4. I am still mulling the right balance between "fair warning" and "sense of mystery" and kind of concluding that there needs to be a mix of monsters known to players, and monsters unknown but with danger level reasonably figured out from their size and mien, and monsters with a secret trick but that you can avoid or run away from, and the very very occasional killer bunny from hell.

  5. @Boric: The solution to that is to just find a fantasy artist you like and get your hands on as many of their creature sketches as possible. Alternatively, there are a few photoshop tricks to reduce colour artwork to a more sketchy style. Or you can go for somehting more like Trampier's illustrations from the Monster Manual. A bestiary just isn't a bestiary without illustrations of weird monsters.

  6. This is a good way to do things. Absolutely anything you can do to put expository material in the hands of the players in such a way that they actually want to pay attention to it is a good thing. Including hints of various campaign secrets in this text is all to the good - interesting, named magic items waiting to be claimed; names of dungeons waiting to be plumbed; names of wizards whose spellbooks would be worth trading for/stealing... all I'm saying is, don't stop at monsters, and weave as many of these items together as possible.

  7. And don't forget the obligatory monster of which the author only caught a glimpse and based his entire description off of it. So that enormous, trampling centipede was actually a herd of cattle being moved by bandits under cover of darkness.

    Some people just have overactive imaginations, even in fantasy settings.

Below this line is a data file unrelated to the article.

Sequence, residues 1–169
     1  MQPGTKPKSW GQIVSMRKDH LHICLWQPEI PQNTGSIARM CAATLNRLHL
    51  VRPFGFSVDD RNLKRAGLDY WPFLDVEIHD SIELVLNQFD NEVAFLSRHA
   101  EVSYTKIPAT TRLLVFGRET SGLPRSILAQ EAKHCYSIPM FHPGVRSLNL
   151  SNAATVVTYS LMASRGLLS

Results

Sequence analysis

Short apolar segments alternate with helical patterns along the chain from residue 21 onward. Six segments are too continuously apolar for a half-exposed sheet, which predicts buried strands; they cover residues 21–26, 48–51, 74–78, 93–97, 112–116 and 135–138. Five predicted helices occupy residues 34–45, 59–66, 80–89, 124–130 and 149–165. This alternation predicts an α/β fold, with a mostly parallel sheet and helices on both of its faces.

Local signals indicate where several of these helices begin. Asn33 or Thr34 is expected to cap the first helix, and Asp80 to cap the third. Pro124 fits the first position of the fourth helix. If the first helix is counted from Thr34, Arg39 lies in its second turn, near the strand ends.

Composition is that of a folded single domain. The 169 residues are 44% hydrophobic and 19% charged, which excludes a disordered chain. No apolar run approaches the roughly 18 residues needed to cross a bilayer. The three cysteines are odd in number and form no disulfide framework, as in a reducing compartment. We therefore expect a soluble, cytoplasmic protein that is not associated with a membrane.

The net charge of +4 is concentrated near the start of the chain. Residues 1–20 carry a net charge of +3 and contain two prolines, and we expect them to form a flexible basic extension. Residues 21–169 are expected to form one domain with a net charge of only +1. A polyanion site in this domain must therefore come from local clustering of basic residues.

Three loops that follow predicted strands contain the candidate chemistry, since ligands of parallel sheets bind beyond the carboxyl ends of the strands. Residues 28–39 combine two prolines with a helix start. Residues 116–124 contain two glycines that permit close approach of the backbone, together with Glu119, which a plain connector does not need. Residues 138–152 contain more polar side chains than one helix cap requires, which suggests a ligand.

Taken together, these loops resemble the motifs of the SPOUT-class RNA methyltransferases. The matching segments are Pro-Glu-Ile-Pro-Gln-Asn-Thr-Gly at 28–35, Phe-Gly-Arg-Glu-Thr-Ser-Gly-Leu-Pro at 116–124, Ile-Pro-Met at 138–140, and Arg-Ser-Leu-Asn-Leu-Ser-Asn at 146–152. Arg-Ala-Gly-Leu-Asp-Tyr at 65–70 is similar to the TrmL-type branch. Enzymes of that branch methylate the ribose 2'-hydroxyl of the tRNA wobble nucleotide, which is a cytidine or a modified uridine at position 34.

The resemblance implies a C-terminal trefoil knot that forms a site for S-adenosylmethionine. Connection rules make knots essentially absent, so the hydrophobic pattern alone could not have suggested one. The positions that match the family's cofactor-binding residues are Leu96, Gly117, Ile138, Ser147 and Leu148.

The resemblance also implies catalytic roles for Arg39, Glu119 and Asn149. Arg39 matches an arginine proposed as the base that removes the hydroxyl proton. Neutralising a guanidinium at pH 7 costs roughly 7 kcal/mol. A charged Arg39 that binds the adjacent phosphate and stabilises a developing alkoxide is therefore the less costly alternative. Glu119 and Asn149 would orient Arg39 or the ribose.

8. Great idea! You could even extend its scope and reach a format akin to the Pathfinder player guides, including data about the world, the regions and the dungeons, but with a sandbox play in mind. This way, the players could drive the sandbox with really meaningful choices.

  9. Yeah I'm giving this a red hot go myself as current, its hard getting a good "hook" to each monster, something that instantly has shape and sinister purpose in the readers mind.
    Also if the written description is strong enough, and I'm not thinking detail here, more vividness and a sense of archetype, the drawings can be very loose. If the writing is vague, the drawing has to carry all the weight.
    Like a child's or "inspired" amateur's drawings of a readily understood monster like a demon or a minotaur can still be terribly evocative.
    Although arguable a drawing in crayon/blood/feces of something that you have no fucking idea what it was meant to be, would also be "evocative".

    Or something recognizable and banal like dog. Or somewhat absurd like a dog with another dog growing inverted on its back.
    But drawn thousands and thousands and thousands of times.

    Or at night, a car slowly cruising at your walking pace, its windows entirely filled with chihuahua, perfectly and unnaturally flush with each other, moving rapidly and barking in furious silence.

    i have completely lost the thread of the point i was trying to make

  10. Fantastic idea. I'm too lazy, but if someone publishes one, I'd buy it!